Der schlimmste Feind im ganzen Land, das ist und bleibt der Denunziant.

“The worst enemy/biggest rascal in the whole damn country is and remains: a snitch.” Handy mnemonic reminding Germans not to squeal on their neighbors, even when the stress of dense living conditions can get overwhelming. Left-leaning German students will repeat this to you as a meme joke that’s crept firmly into their consciousness, while they diligently study education, journalism or history, enjoy detective shows on television and meet up in meatspace for ferocious protracted information-sharing discussions in the interest of bettering democracy. Perhaps it’s now understood that snitching on your fellow citizens will murder Anne Frank but finding out what governments and other large actors are up to and talking about it might save lives.

Bruce Sterling: “What’s a historian but a fancy kind of snitch?” is a deeply unsettling offhand remark.

Australian radio’s charming Phillip Adams asked a Mossad expert a chiming question in a recent discussion of the information asymmetry enabled by drones and other surveillance: “Are you allowed to spill all the beans?” Mr. Adams was bean facetious.

Now that I’m olderly, I can think of more specific examples of situations in which professional information-sharers might *not* share the relevant useful context they know:

Schoolteachers: the topic of censorship in schools is ancient, but people will still surprise you. My grandfather used to show kids how to carefully mix up explosives within the safety rules of his high school chemistry class because he knew a certain book was available in the local library.

Historians: the majority would probably object strongly to showing people who make fake reference books how to make more convincing fake reference books. Though there could be tempting exceptions. Pacifist historians for example might not mind hearing that widely available gunsmithing research had been used to glut an overfunded, underinformed collectors’ market fetishizing blunderbusses like baseball cards (but pacifist historians would care very much if they heard the shoddy cast iron was shattering and injuring people). Historians are disturbed by the introduction of fake evidence, a crime against future generations that might someday be correctable, and absolutely infuriated by destruction of genuine evidence, a crime against future generations that can never be made right. It is so easy to accidentally destroy genuine evidence; it is casually shown over and over in archeology adventure films.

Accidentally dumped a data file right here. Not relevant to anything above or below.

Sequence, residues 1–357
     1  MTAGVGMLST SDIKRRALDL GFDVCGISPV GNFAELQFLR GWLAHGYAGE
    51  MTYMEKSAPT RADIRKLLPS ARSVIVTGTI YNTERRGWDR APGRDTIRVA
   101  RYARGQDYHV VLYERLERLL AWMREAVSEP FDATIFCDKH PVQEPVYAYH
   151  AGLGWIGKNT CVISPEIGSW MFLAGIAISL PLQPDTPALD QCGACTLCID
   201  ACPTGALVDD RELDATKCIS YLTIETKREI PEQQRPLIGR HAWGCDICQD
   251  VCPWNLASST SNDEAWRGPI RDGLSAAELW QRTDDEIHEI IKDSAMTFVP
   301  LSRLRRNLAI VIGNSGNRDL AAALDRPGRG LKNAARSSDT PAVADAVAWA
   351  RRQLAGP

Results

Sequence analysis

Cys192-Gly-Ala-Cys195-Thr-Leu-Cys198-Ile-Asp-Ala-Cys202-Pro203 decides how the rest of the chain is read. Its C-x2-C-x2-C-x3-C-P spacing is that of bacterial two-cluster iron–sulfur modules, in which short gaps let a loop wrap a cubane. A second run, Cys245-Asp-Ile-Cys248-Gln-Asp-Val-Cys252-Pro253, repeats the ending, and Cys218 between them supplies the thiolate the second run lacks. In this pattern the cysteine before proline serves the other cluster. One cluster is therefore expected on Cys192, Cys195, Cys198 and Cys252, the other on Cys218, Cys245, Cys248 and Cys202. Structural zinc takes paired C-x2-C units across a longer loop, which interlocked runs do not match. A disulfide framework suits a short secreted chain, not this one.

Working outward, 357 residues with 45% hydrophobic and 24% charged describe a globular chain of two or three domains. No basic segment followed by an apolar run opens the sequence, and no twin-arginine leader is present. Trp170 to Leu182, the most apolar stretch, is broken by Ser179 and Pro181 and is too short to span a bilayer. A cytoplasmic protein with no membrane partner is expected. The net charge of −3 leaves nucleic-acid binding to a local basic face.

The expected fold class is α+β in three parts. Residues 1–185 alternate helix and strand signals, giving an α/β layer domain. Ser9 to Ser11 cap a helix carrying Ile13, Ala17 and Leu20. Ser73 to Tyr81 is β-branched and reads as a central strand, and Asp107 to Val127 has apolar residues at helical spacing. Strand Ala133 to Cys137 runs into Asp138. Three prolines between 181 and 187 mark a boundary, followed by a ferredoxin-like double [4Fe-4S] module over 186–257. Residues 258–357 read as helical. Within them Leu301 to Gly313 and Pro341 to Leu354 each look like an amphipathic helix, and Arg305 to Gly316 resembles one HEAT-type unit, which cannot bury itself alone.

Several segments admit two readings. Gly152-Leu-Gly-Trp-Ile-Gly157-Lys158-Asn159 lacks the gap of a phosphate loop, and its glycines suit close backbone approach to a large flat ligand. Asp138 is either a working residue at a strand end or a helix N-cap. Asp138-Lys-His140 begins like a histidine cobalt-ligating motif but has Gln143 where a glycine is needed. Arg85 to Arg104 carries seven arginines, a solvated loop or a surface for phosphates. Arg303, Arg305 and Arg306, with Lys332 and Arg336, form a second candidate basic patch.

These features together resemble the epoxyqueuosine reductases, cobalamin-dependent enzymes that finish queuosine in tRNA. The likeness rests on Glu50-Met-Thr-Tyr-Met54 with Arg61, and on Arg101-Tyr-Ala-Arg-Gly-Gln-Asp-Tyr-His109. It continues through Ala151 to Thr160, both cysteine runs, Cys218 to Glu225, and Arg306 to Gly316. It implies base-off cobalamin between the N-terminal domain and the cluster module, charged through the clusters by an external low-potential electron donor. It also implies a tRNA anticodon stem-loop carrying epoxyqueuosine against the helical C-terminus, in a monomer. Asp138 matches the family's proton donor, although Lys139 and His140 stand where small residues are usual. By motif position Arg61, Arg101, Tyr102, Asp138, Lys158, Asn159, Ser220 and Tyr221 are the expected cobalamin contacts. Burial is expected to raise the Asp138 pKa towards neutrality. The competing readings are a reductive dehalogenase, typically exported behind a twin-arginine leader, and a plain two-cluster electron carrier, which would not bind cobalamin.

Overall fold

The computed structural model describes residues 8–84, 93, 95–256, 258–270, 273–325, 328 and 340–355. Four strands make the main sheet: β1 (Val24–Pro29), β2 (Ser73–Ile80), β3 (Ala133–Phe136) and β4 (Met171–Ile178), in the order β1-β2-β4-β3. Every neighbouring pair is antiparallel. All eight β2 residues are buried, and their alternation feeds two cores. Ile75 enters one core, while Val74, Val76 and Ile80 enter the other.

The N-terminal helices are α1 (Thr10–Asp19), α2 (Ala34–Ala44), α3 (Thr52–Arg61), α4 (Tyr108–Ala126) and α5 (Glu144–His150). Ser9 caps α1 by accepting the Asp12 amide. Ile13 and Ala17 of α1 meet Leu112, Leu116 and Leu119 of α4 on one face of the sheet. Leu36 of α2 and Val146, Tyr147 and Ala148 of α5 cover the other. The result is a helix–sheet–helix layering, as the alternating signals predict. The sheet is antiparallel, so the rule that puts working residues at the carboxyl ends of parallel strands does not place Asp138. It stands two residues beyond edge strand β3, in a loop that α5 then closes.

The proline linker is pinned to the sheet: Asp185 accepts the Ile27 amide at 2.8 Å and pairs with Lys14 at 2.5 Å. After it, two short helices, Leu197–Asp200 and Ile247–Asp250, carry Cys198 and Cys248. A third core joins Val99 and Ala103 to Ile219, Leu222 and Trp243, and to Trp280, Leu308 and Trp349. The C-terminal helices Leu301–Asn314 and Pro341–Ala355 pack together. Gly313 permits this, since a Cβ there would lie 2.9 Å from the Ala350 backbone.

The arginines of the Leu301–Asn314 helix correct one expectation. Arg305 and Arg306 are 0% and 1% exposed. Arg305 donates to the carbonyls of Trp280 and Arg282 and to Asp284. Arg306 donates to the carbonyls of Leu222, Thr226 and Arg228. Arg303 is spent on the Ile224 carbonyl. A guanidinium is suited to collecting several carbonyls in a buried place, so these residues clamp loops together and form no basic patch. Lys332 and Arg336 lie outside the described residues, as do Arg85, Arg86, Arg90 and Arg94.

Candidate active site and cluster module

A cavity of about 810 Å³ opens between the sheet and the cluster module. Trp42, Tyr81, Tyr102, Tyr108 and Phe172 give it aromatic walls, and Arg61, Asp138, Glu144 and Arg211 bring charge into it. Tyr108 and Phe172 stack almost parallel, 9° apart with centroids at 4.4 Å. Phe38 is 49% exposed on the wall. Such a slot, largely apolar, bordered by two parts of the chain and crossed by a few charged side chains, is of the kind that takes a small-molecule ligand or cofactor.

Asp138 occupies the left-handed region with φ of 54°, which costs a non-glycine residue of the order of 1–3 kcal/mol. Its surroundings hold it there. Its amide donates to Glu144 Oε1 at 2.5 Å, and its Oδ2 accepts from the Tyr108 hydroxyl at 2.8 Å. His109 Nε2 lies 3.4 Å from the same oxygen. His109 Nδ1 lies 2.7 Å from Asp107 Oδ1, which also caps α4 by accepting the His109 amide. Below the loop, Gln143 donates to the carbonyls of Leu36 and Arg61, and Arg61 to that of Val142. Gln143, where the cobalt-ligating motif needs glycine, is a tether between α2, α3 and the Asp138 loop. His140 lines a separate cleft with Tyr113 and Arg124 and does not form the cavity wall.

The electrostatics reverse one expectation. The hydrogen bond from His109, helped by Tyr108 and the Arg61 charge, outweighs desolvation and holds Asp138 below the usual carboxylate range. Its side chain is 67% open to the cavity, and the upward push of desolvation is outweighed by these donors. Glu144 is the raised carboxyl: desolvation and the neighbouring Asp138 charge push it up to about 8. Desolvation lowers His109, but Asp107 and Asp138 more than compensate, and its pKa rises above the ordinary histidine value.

Introducing something that is beautiful, but not real, but not falsely presented as something other than it is (or encouraging destruction of genuine evidence!) almost seems okay. A gorgeous art book that riffs on designs and pictures from old reference books without being disguised as one could be a beautiful gift to the world. With proper source citation.

Journalists: probably must deal with the problem of when to withhold information most often, being confronted by these dilemmas accidentally because it goes with the job and on purpose, by interested parties familiar with the job. Journalism’s evolving ethics, rules and procedures are thus very valuable and interesting.

Priests: have the chance to learn a lot about contexts and reasons in local communities but might be highly susceptible to targeted “for the better good” arguments not to supply the most honest why’s and how’s, especially when the unusual levers within their particular religion are applied.

Scientists: probably have the clearest rules about information sharing, while handling some of the most useful information. Publish everything that seems reliably true according to defined test methods, unless the government swoops in. Archive non-seized published information and its underlying data so they can be found again, forever.

Librarians: seem to stand back and let people discover their own answers, though some jewels of librarianship can and will provide wonderful succinct context when asked. That can go the other way too—there were stories about history students in Germany returning to hometown libraries and discovering systematic long-term local obfuscation of local people’s colorful Nazi pasts. As the decades passed, the cover-ups necessarily got more and more complicated, the information in the town got more out of synch with the information widely known outside the town, and the aging perpetrators in the institutions were more likely to err and get caught.